Neat, straight up, on the rocks or mixed into a classic cocktail, March is a good month to enjoy a dram of whisky. On March 17 revelers will raise a toast for the Irish tradition of St. Patrick’s Day, while March 27 is globally appointed International Whisk(e)y Day.
Let’s take a moment to appreciate the storied history of distilling in the birthplace of Canadian whisky, Windsor, aka Whiskytown. And discover how to experience part of this rich past firsthand.
In 1858, nine years before Canadian Confederation, Detroit businessman Hiram Walker established the Hiram Walker and Sons Ltd. Distillery across the border in a neighbourhood of Windsor that would be become Walkerville.
Hiram Walker & Sons Ltd building in Windsor
He employed an innovative distilling process using oak barrels to age and flavour the spirits (vs the traditional technique of running the liquor through charcoal) and demand was immediate. The smooth new whisky was distributed exclusively to various ‘gentlemen’s clubs’, hence the label Canadian Club. The hugely successful label stayed in the Walker family until 1926, when the brand merged with Gooderham & Worts, Ltd.
Besides the enhanced flavour and quality, Canadian Club’s tremendous success was in part due to the Prohibition era in the US. During the roaring twenties, rum-running and bootlegging across the Detroit-Windsor border was a highly lucrative and totally illicit activity during America’s dry spell.
The bridge over the Detroit River, connecting Windsor and Detroit
The streets and shores of Windsor and neighbouring towns along the Detroit River hold tales of intrigue as barrel after barrel of Canadian whisky was smuggled by boat or by ‘whisky sixes’, smaller six-cylinder-engine cars less likely to crack the ice in winter.
Rumor has it that mobster Al Capone himself was a ‘customer’ and he and his notorious Purple Gang was hosted by local rum-runner boss, Harry Low at his home. The recently restored Low Mansion is an architectural gem, just imagine how opulent it must have been back in the day to receive legendary Capone.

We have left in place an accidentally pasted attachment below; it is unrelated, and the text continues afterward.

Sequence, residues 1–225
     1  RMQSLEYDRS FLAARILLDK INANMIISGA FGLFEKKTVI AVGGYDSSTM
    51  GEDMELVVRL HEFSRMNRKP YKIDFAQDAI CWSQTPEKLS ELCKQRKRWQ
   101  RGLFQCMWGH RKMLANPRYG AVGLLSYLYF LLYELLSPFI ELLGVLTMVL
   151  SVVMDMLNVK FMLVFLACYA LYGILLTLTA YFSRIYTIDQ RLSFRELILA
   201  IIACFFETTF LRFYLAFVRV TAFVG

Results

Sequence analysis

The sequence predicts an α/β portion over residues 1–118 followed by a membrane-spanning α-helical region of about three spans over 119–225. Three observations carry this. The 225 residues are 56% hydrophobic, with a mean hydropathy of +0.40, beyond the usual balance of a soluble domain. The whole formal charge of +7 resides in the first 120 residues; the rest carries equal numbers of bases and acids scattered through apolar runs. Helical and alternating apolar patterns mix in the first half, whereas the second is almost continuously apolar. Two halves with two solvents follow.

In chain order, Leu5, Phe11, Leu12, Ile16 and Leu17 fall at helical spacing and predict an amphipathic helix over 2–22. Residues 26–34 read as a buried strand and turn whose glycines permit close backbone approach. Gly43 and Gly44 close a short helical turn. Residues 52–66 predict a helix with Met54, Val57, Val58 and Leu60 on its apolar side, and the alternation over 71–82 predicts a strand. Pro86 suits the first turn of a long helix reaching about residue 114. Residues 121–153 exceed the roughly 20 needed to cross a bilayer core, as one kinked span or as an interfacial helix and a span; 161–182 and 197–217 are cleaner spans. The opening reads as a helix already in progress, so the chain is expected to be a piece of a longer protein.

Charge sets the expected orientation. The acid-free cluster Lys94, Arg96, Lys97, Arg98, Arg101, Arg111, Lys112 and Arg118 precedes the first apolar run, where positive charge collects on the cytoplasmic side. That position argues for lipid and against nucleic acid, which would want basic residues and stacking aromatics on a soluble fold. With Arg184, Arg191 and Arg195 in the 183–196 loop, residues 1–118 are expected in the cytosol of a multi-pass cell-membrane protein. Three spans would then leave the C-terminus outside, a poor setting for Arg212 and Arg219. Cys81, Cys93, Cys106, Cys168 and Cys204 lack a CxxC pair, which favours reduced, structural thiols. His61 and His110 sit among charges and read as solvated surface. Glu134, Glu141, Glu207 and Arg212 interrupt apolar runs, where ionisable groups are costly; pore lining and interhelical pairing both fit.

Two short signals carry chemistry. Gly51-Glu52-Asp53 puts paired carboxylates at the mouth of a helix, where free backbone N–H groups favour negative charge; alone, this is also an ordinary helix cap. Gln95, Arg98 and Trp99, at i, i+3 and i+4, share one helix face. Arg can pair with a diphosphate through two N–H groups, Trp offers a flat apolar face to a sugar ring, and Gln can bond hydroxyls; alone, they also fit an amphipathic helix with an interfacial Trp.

You needn’t be so clandestine to get your hands on premium Canadian craft whisky today. Whisky aficionados, history buffs and anyone who was obsessed with Mad Men or Boardwalk Empire, take note!
Image credit: Drinks of Walkerville Walking Tour
Visit the Hiram Walker & Sons Distillery on the Drinks of Walkerville Walking Tour offered by Windsor Eats on Fridays and Saturdays. The facility is now home to J.P. Wiser’s Canadian Whisky, among other renowned labels.
Image credit: Wolfhead Distillery in Amhurstburg
The four-and-a-half-hour experience involves guided tastings of select Canadian Whiskies, including one directly from a whisky barrel, a unique view of the Whisky Palace, the original CC headquarters, and a stroll through Walkersville with commentary on local history, architecture and folklore of Whiskytown. The tour ends up at Walkerville Brewery for a flight of craft beers and a tour of the brewing facility.
The distillery also offers a 90 minute J.P. Wiser’s Experience public tour that walks you through the story of Canadian whisky, from its history to the craftsmanship and process behind making it, followed by a sampling session.
Image credit: Wolfhead Distillery
Or check out the various guided and self-guided tours along the Barrels, Bottles & Brews Trail to ten craft breweries and two distilleries in the area; Hiram Walker and newcomer Wolfhead Distillery, a small batch, ultra-premium producer of award-winning whiskies, as well as vodka and rye just outside Windsor in Amherstburg. The Rum Runners Tour is an engaging bus tour that takes the form of a travelling play with costumed performers.
Cheers to St. Patrick’s Day, International Whisky Day and Windsor’s wonderful whisky history!
Discover the innovative flavours distilling across the province at some of Ontario’s craft distilleries.